Zeroing in on the millennium;Summer Diary
It will be strangely sited in the decade people apparently want to call the Zeros. You might be in the splinter groups that preferred the options of the Noughties or the Earlies, but so far the zeros are in the lead.
Will future pupils say: "I started school in the zeros"? It sounds too much like a weather forecast to me. Perhaps we'll get used to it. But what about each following year? I have a hunch we'll forget the numbers entirely and talk about this year, next year, last year, sometime, never. Otherwise we'll be stuck with zero zero to be followed by zero one, zero two, zero three and so on, and that sounds like rocket talk and Star Wars and moon landings.
And that returns us to Janus and looking back. The media have been reliving moon landings from every angle you can think of: the technology, the men, the landscapes, the space race as well as the non-stick frying pan.
They say those of us who were around then can remember exactly where we were that July night. It's true. My friend Christine was eight, and remembers clearly being taken from bed and told to watch the coin-operated television. She expresses some surprise that the film they show today is as grainy as it was then.
Every time I hear Neil or Buzz reminiscing I think of the Highlands. While most people were like Christine and watched from the comfort of their own homes, for me, the moon landing happened in Inverness. I watched the whole caboodle from a bed and breakfast there, on a holiday from England.
Inverness was throbbing, banners were hanging out of windows proclaiming that guest houses and hotels had televisions: what size the screen was and how many they had per establishment. In those days you certainly didn't get one in every room.
We were touring and enjoying the rain, the scenery, the bonfires on the beach as well as the midges, and turned our backs, in true Sixties style, on paid for accommodation, far less electrical nonsenses like television.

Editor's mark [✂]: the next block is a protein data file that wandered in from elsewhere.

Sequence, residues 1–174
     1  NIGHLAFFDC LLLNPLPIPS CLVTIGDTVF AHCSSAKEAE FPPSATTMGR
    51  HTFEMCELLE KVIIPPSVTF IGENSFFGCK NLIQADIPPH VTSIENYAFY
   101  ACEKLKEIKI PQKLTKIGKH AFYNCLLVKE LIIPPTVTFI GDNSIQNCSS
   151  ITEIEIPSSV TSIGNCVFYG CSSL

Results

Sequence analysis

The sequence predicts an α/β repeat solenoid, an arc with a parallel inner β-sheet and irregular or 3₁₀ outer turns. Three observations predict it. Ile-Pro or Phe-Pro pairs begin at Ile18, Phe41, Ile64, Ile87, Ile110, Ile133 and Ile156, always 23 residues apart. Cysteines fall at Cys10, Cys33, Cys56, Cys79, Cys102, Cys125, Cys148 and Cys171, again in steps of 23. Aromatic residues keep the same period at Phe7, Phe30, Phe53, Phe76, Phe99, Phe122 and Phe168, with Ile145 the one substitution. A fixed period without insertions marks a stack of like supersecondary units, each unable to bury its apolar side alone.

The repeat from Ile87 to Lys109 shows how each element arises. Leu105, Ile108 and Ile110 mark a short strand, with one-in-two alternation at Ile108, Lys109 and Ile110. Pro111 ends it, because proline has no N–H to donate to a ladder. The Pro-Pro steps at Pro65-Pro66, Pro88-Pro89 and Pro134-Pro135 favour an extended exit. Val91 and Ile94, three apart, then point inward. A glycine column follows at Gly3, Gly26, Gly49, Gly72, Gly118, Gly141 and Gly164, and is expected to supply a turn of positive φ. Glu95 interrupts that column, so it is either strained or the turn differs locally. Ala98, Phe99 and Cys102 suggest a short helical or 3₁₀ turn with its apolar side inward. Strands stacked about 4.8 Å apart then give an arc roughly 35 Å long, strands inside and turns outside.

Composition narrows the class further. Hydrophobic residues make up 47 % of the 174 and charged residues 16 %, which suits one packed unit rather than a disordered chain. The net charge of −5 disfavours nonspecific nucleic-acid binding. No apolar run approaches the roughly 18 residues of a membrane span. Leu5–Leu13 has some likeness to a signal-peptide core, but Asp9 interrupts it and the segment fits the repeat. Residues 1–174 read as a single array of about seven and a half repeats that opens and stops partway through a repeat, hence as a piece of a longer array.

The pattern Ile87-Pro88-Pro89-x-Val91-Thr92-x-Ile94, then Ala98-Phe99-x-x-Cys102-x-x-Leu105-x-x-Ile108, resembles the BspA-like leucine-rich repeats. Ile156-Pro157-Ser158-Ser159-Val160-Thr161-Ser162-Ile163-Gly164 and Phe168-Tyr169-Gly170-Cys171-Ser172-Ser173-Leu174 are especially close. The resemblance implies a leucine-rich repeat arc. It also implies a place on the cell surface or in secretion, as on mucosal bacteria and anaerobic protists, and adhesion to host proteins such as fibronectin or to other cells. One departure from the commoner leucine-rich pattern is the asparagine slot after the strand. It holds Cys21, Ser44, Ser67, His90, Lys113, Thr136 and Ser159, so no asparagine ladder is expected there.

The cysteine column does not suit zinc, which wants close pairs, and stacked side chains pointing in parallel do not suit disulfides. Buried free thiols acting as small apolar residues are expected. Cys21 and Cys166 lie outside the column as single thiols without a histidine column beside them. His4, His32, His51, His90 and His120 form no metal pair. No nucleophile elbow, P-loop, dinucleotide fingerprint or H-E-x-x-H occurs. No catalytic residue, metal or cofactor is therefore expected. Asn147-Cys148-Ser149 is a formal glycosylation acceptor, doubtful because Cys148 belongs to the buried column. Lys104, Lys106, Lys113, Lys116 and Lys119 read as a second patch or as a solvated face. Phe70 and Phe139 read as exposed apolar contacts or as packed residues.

However, for one evening only, we packed our student camping gear in the car and forked out for a night under a roof.
In this way we got to share the livingroom of a guesthouse with 20 other mixed travellers, families keeping their kids up late, business people all smartly dressed and hitchhikers and campers who had come in from the great outdoors to see men landing on the moon. Retaking giant steps is inextricably linked with holidays for me. Even Disney World can't lay on what that Inverness guest house provided.
This digital deja vu recently affected a woman I know. Watching the opening of the Scottish Parliament, she saw the Queen and Donald and all the others and just knew she'd been there before. And then the memories came flooding back from wartime.
Training in Edinburgh to be a teacher, she had been accommodated at Lister House, the hostel run by the Church of Scotland Gentlewomen for students from the university and Moray House. Next door was where the Church of Scotland General Assembly met, now familiar to the world as the temporary seat of our Parliament. It seems that during the war, the trainee teachers took their turn at fire-watching and warning the divinity students.
One night the siren went off and two would-be teachers rose from their sleep to help the young men next door with their stirrup pumps and buckets of sand. Still in their dressing-gowns, they grabbed torches, pulling curlers from their hair with every step. Whether it was because they were meeting young men or prospective ministers, I cannot say.
Crisis averted, the young ministers took them on a guided tour of the buildings by torchlight. For me, this image from the past will override the serious nature of the Parliament for some time to come.
From now on, though, each summer memory revisited will have to be accompanied by a date, delivered in a new format. Ten years on will we be remembering the summer of "ninety-nine", or "nineteen-ninety-nine"? I think I'll just refer to 10 years ago and leave someone else to worry about it.